Seven years after the autocrat Zine El Abidine Ben-Ali fled, Tunisia civil society today is best characterized by its sheer courage. It is not blind, blunt courage, but sharp and calculated. What started as a popular movement of individuals taking to the streets to kick out a dictator slowly self-organized into non-profit organizations and political parties. Around 11,400 civil society organizations (CSO’s) formed after the revolution in 2011. These organizations work on everything from governance and accountability in the public sector, such as Al Bawsala, to protecting minority rights, such as Mnemty. Luckily, and unlike the government, these organizations exist all over the country too. I-Watch, another CSO, works to combat corruption in all four corners of Tunisia, and has several offices throughout the country. As protests break out to address economic woes, it’s important to remember that the development and evolution of CSOs in Tunisia since the 2011 revolution continues to play a vital role in the democratization of the state, and represents a foundational pillar in Tunisian society.
The impact of civil society is hard-hitting as it is effective, too. The government listens– most of the time. For instance, when the government of the United Arab Emirates issued a blanket entry ban on all female Tunisian nationals in early January, civil society groups did not hold back. The government came under severe pressure and ultimately responded by banning Emirates Airlines from landing on Tunisian territory. Another example is human rights groups publicly calling out forced rectal examinations that prosecute the homosexual community. The government formally accepted a recommendation at the UN Human Rights Council last September to ban the abusive practice in Tunisia. The most important example is the Tunisian National Dialogue Quartet, a group of four civil society groups that were instrumental in pulling the country through the political crisis of 2013 by building consensus across political groups. The quartet effectively paved the way for a peaceful transition by bringing groups together to draft a new constitution and start planning reforms. The group received the 2015 Nobel Peace Prize in recognition of its efforts.
However, starting in 2013, the civic space has shrunk considerably. On July 16, 2014, government authorities froze more than 157 CSOs on charges of financing terrorism. In November 2017, the government dissolved over 198 organizations and delivered 947 notices to others, referring them to courts on charges of “financial irregularities” or “receiving foreign funds to support terrorism.” The primary function of most organizations that were shut down was to provide aid and relief for orphans and the disabled.
More troubling still is the recent spate of arrests and prosecution of individual activists from various social movements. Today, the heart of the so-called Arab Spring is gripped by economic hardship; organized groups, notably from the Forum on Social and Economic Rights (FTDES), began protesting these economic hardships around a year ago. The most recent wave of protests started on January 7 after the government announced the various tax increases and subsidy reductions in its 2018 budget. Protests reached a fervor pitch this past weekend on the anniversary of the revolution on January 14. While international media was quick to cover the protests, at times exaggerating their size, the demonstrations do not compare to the mobilized masses of 2010-11. Furthermore, unlike the protests of 2010-11, these demonstrations are mainly organized by opposition-led political parties protesting specific government policies.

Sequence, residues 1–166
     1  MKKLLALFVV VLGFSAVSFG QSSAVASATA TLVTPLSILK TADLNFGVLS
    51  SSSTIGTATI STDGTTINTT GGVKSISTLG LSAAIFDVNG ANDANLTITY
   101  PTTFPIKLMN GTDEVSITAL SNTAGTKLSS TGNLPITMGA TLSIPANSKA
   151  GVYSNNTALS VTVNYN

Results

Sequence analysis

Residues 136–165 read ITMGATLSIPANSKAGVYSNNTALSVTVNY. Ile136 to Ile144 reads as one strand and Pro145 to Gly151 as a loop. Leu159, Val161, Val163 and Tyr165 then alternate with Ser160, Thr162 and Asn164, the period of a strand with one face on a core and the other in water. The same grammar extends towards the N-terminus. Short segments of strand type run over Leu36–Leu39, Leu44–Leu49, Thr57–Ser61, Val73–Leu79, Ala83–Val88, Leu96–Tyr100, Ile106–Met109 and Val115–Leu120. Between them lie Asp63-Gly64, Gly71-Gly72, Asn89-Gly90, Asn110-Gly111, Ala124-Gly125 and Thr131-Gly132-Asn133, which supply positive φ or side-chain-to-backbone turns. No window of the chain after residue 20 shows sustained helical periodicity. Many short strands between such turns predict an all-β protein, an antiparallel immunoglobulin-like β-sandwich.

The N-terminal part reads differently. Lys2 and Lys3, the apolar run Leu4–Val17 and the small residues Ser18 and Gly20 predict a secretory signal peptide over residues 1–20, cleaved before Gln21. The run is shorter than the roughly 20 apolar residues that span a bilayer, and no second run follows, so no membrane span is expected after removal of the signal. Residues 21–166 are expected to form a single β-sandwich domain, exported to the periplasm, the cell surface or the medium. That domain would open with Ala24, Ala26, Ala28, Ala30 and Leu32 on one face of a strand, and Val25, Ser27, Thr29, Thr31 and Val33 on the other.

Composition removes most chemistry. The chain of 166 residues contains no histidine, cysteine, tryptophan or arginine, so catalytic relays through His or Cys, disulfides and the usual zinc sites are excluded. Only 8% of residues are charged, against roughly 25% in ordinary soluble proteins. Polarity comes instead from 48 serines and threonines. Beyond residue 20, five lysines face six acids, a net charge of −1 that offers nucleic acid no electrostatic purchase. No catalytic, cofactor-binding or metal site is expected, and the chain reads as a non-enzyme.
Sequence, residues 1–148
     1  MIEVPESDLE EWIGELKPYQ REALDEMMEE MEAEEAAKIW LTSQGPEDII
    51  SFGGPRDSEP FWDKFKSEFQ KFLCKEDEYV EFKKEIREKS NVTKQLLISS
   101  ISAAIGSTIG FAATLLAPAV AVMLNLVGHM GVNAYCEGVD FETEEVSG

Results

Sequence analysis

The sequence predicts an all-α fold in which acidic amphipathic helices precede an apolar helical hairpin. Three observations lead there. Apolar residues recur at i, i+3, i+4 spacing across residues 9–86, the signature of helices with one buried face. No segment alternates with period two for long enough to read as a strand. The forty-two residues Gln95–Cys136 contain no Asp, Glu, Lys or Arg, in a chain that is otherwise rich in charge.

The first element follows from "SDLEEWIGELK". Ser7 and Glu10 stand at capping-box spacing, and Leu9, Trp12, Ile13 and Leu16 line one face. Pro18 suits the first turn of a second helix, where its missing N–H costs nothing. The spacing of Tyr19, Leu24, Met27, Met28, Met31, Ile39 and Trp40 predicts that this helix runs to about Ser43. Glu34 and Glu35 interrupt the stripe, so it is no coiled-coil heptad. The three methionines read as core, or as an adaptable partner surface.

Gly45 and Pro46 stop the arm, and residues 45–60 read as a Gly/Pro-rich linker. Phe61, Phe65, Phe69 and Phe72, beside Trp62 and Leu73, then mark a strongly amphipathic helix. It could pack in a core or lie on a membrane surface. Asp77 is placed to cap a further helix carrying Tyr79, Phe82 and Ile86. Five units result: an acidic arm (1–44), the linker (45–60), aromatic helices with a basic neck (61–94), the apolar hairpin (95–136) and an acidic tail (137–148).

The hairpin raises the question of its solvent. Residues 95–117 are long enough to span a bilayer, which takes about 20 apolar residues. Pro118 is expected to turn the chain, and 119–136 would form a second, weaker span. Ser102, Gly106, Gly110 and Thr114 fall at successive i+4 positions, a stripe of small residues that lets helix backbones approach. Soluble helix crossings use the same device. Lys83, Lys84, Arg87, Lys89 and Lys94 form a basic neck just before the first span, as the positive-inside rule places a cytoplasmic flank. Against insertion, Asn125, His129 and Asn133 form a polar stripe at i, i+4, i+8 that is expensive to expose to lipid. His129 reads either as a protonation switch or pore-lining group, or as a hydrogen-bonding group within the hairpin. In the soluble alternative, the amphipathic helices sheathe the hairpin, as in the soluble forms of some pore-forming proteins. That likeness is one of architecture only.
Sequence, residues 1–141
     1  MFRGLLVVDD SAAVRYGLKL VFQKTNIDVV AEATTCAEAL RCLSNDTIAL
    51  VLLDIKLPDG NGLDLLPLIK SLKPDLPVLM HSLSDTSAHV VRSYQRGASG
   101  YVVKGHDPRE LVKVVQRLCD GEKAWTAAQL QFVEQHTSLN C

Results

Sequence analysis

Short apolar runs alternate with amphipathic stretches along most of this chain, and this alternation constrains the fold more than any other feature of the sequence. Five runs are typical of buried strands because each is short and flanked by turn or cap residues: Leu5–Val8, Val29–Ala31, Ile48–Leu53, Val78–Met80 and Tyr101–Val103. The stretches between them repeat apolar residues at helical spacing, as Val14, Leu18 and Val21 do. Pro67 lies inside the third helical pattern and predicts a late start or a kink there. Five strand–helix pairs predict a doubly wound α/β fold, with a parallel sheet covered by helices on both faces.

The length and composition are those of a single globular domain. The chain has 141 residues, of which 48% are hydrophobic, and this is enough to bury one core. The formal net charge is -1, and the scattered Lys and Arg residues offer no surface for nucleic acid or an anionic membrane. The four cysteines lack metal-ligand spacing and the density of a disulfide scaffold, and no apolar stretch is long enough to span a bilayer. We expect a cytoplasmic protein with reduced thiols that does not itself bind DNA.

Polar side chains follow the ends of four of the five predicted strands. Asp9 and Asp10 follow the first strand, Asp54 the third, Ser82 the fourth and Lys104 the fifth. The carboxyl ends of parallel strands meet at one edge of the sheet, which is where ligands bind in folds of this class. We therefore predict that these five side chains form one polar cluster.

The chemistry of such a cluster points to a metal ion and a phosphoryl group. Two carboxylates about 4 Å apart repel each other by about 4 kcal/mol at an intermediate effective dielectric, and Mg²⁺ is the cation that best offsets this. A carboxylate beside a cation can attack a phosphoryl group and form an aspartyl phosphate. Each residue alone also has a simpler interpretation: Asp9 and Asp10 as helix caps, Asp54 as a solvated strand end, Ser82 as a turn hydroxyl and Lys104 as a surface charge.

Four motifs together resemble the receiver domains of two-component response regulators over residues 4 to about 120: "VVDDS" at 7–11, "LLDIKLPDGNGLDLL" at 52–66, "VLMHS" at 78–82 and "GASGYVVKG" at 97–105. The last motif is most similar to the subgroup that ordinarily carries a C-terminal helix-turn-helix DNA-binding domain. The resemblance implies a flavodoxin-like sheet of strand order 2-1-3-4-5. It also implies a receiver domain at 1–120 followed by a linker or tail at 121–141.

Rallies took place in at least ten different areas, including the capital of Tunis. Protests began peacefully but some clashes broke out between protesters and police. According to the Ministry of Interior, law enforcement authorities arrested over 806 demonstrators, drawing criticism from the United Nations High Commissioner for Human Rights (OHCHR) and other international rights groups. The OHCHR issued a statement on Friday reprimanding the arrests and calling on authorities to “to ensure that people are not arrested in an arbitrary manner and that all those detained are treated with full respect for their due process rights and are either charged or promptly released.” One death has been attributed to the protests, that of Khomsi el-Yerfeni. The cause of death remains unclear, as fellow protesters say he might have been struck by a police car, but the authorities deny this and claim that he had suffered from “chronic shortness of breath.” Authorities conducted an autopsy investigation, but the results have not been released.
Regardless of the protesters substantive demands, it is important for the government to keep in mind that Tunisia would not be where it is today had it not been for civil society work and vigilance. It is thanks to a strong and vibrant civil society of associations, labor unions, political parties, and other non-profit organizations that the country emerged out of the 2010-11 revolution in stable condition. These groups reconnected the relationship between citizens, the state, and society in a transitional period, supporting political settlements and reducing the potential for renewed conflict. As such, the role of civil society in Tunisia cannot be understated. Stifling its expression by arresting and detaining demonstrators only works to hinder–if not arrest–the country’s democratic transition.
Wafa Ben-Hassine is a lawyer and MENA Policy Counsel at Access Now. Follower her at @ousfourita.